Mar 19
City Lights Bookstore posted events
Mar 18
Susan Weinberg posted an event

Reading by Poet Bianca Spriggs at Three Top Room, Plemmons Student Union, App State University

March 30, 2017 from 7:30pm to 8:45pm
A reading by poet, multi-genre artist, and core member of the Affrilachian Poets Bianca Spriggs in the Hughlene Bostian Frank Visiting Writers Series at Appalachian State. Spriggs will also present a craft talk from 12:30-1:45 in the Price Lake Room of the Plemmons Student Union. Free admission.For more info, see the press release http://www.news.appstate.edu/2017/03/06/bianca-spriggs/Parking info is at parking.appstate.edu.…See More
Mar 17
City Lights Bookstore posted events
Mar 14
Toby Hill posted a blog post

Hester

HESTER      Growing up in Asheville,  N.C. in the 50’s and 60’s seemed, at the time, to be filled with a rhythm of adventure and strange encounters sprinkled with an assortment of particularly interesting and somewhat odd characters. One of those persons who fascinated me as a child was my father’s friend “Hester. “       My dad was about as straight an arrow as anyone could find. He seemed to a preadolescent, somewhat indolent son, frankly boring. Looking back from a perspective of 70 years, I…See More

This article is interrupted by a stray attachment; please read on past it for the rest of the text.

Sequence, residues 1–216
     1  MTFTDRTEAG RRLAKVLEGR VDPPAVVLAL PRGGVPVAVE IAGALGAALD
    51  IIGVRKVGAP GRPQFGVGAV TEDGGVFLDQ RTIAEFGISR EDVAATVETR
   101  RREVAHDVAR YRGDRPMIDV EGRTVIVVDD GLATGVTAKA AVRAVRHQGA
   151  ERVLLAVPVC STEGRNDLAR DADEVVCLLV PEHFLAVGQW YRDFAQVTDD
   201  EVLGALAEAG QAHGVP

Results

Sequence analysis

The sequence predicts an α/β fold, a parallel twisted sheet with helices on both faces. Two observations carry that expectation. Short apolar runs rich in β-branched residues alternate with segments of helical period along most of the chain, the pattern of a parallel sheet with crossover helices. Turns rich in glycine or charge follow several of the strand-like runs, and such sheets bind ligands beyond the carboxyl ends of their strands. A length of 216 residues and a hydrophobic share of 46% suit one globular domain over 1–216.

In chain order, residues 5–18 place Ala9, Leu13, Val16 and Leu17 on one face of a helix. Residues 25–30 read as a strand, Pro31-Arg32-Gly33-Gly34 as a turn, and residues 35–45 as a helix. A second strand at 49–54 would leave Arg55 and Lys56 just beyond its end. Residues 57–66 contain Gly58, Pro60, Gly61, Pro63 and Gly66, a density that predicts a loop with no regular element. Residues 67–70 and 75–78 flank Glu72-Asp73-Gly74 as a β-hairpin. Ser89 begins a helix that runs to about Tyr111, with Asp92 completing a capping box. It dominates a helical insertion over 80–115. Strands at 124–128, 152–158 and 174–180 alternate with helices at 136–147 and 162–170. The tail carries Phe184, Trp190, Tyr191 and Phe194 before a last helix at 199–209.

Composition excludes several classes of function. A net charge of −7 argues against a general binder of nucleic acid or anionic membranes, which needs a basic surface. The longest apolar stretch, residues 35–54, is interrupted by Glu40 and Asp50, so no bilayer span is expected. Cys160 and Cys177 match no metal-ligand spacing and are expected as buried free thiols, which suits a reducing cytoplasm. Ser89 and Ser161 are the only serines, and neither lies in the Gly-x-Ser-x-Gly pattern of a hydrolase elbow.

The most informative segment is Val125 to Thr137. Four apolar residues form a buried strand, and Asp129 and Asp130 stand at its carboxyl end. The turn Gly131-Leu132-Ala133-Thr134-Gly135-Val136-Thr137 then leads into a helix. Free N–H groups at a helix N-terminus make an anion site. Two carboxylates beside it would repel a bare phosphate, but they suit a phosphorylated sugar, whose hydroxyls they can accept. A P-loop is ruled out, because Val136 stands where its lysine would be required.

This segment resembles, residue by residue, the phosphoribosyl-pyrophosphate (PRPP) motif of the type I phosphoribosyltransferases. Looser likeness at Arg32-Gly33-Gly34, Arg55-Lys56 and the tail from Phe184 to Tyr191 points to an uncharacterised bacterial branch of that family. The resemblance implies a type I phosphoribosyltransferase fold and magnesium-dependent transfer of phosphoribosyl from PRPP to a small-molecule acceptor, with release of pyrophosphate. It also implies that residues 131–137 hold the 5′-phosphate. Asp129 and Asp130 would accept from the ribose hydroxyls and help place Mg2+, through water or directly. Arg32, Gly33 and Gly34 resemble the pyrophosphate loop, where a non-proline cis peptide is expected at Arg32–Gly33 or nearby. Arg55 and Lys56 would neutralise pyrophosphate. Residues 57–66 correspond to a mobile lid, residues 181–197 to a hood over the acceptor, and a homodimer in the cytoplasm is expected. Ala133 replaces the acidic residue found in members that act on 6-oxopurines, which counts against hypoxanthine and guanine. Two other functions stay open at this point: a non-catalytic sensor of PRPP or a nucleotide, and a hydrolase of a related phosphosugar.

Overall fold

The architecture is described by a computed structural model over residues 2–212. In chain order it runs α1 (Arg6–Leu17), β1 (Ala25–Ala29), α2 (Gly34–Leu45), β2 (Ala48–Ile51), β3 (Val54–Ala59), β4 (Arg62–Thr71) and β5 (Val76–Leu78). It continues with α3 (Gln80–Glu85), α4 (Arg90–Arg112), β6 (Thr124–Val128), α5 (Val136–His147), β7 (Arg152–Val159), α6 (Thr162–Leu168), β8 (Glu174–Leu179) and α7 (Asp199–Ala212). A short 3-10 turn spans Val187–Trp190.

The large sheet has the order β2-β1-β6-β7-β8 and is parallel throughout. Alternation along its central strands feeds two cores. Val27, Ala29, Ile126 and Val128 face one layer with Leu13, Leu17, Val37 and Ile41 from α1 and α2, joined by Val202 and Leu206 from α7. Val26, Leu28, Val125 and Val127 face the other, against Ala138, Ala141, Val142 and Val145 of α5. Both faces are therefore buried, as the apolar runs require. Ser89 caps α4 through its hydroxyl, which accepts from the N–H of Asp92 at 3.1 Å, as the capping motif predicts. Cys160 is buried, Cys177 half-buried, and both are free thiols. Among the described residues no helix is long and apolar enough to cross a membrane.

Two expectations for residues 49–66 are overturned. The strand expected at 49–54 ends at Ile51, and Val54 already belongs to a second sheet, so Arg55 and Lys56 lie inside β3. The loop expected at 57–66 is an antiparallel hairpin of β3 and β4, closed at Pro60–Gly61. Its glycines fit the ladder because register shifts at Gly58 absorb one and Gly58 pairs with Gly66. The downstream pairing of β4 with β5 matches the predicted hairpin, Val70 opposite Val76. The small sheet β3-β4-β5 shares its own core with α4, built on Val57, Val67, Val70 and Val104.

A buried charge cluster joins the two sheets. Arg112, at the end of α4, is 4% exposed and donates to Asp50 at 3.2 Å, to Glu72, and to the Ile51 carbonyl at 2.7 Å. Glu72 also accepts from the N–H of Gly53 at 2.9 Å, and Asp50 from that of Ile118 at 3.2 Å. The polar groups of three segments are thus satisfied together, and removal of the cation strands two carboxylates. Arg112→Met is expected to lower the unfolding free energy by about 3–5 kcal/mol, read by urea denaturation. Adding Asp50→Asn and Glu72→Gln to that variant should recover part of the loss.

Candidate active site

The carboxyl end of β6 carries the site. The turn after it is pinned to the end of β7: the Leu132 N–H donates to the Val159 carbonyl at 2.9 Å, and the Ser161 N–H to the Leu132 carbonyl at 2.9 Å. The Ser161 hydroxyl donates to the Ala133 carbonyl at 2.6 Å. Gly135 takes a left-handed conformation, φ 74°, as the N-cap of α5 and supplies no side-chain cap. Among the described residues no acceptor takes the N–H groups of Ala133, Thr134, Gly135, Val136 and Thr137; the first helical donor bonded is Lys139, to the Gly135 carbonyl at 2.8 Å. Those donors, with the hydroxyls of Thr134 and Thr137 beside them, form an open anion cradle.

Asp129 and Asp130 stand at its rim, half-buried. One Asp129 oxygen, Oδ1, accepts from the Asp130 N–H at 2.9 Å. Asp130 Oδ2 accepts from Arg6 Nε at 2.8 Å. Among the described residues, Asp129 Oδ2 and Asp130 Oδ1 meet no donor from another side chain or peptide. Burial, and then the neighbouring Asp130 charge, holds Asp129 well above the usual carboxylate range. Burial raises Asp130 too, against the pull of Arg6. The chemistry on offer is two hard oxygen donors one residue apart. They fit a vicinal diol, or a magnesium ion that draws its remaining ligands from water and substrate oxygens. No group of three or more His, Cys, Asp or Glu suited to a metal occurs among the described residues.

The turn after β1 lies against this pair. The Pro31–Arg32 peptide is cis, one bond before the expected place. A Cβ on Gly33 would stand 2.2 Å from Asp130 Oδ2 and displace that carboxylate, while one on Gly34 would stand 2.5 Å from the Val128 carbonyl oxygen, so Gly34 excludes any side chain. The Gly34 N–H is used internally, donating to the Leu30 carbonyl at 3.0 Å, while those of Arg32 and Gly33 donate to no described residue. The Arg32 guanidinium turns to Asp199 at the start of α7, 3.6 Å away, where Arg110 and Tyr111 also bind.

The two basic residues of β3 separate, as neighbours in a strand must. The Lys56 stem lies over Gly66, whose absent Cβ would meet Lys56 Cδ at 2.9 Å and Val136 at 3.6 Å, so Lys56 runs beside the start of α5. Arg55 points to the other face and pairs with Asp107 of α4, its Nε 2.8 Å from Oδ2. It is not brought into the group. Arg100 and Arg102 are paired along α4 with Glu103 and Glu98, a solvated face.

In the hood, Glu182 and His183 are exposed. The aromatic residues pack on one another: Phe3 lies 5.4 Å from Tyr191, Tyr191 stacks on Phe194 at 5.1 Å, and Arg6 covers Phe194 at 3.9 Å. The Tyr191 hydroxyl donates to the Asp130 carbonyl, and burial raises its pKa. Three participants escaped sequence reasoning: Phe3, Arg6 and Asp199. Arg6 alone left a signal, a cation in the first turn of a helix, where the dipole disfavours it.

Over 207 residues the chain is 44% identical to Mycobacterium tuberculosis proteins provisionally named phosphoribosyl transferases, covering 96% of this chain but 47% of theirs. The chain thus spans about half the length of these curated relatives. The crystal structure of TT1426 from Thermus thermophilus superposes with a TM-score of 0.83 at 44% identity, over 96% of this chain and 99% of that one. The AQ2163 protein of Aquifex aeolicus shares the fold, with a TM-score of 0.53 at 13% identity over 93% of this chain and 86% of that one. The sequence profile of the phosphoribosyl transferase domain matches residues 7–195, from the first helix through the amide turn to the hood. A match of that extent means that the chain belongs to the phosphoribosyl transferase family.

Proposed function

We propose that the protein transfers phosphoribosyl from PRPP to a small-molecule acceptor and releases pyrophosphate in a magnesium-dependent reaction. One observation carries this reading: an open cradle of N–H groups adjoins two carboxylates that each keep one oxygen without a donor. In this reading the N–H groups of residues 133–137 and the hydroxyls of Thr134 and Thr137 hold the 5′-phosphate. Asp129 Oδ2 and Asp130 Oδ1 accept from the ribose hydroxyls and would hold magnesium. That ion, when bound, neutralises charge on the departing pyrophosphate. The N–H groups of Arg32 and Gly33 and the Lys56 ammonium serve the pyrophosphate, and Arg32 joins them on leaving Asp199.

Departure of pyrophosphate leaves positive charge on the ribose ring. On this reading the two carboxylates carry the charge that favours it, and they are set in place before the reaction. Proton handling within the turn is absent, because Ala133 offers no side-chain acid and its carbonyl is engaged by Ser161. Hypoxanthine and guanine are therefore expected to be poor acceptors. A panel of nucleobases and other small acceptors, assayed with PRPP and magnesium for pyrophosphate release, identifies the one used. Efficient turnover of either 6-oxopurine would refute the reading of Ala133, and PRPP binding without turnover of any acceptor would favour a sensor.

Mar 11
Rob Neufeld posted a discussion

African-American musicians in Asheville

African-American musicians flourished in Asheville neighborhoodsby Rob NeufeldPHOTO CAPTION: The Outcasts, the state’s Battle of the Bands winner in 1979, included: (kneeling l to r) Edward Stout, saxophonist; Darriel Jones, drummer; (seated) Patricia McAfee, vocalist; (standing l to r) Marvin Seabrooks, trombonist; Mike…See More
Mar 11
Tipper posted a blog post

Blind Man's Bluff

According to the Frank C. Brown Collection of North Carolina Folklore, the game Blind Man's Bluff is as old as the 16th Century. It was a game I never liked playing as a kid. I was always afraid someone would get hurt-namely me! Its one of those games that makes grown-ups yell things like "Somebodys going to…See More
Mar 9
Mary-Chris Griffin shared Rob Neufeld's discussion on Facebook
Mar 6
Bob Plott replied to Rob Neufeld's discussion Hunters and Plott hounds
"Thanks for sharing this Rob--and the book plug too. I have never seen this photo before. I have several others from the 1942 article, but this was a new one. The man on the truck looking down is WWII hero Little George Plott--who I profiled in my…"